“My son turns twenty-two tomorrow, and there have been no championship games or prom dances. He didn’t walk across a stage at his high school graduation. He will not drive a car or go to college. He will never have a job, a wife, or children. The natural progressions of my son’s life get less hopeful with each passing year. The milestones are gut wrenching and the future is filled with painful questions: Where will he live out his life? Who will care for him when we’re gone? What if he is mistreated or neglected? When will the side affects of a lifetime of harsh medications and debilitating disabilities take their toll on his body, organs and mind? Will he suffer? Will he know we loved him to the end? My son turns twenty-two tomorrow and he is not getting better, he is getting worse…My son turns twenty-two tomorrow, and his mom and I will grieve—deeply, silently, secretly, and personally.”
I have been deeply touched by Greg’s words and his son’s situation. First and foremost, of course, I have felt great sympathy for that family and the pain they deal with daily. My heart truly goes out to them. But oddly that has, in turn, led to a great deal of gratitude welling up inside me. It is terribly easy to get so caught up in the stresses and demands of life that we lose sight of the incredible blessings that God showers on us. We suffer setbacks or disappointments and can get focused on dissatisfaction over wherever we might be in life. After all, no matter where we are, things could always be better. But when I read Greg’s words I found myself thinking about my own children and their spouses. They are all healthy people, walking with the Lord, living life to the fullest. What a joy they are! We were not guaranteed that we would have that blessing. Laurie and I have been through the awful experience of losing a child and know all too well that there are no guarantees in this life. I find myself thanking God over and over for my children and their spouses, and I find I want to go hug those amazing kids. May we never forget to continually give thanks for blessings like them.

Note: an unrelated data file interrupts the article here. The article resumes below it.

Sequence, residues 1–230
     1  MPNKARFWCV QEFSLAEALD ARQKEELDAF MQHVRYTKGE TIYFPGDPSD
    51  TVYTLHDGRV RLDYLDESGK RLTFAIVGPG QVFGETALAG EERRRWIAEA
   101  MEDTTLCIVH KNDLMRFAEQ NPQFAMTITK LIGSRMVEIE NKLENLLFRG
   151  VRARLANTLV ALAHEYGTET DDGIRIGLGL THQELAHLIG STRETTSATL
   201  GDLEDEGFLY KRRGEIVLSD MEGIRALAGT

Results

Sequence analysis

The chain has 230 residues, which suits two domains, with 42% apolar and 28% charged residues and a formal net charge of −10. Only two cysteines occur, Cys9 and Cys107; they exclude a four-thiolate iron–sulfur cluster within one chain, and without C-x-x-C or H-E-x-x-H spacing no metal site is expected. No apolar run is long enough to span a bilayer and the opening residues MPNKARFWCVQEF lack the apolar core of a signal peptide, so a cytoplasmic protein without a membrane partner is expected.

One other reaction I had to Greg’s words was that it was another reminder to me of the utter, crucial nature of the hope of the gospel. He went on to write that though they grieve they do not grieve as those who have no hope. They look forward to the day when the power of the resurrection will transform their son’s body so that it will be like the glorious body of our risen Lord. If all we have is this life, the Lucas family has only loss, sadness and tragedy. But because our citizenship is in heaven this life is not all we have. It is not all the Lucas family has. What a precious gift the good news of Jesus Christ is, for it gives us what we need most in this life, a hope that is an anchor for our souls.